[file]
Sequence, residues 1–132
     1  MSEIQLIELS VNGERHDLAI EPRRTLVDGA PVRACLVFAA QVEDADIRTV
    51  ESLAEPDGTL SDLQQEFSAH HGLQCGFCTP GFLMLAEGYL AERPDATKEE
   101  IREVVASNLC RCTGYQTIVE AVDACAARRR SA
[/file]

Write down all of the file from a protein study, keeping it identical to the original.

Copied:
Sequence, residues 1–132
     1  MSEIQLIELS VNGERHDLAI EPRRTLVDGA PVRACLVFAA QVEDADIRTV
    51  ESLAEPDGTL SDLQQEFSAH HGLQCGFCTP GFLMLAEGYL AERPDATKEE
   101  IREVVASNLC RCTGYQTIVE AVDACAARRR SA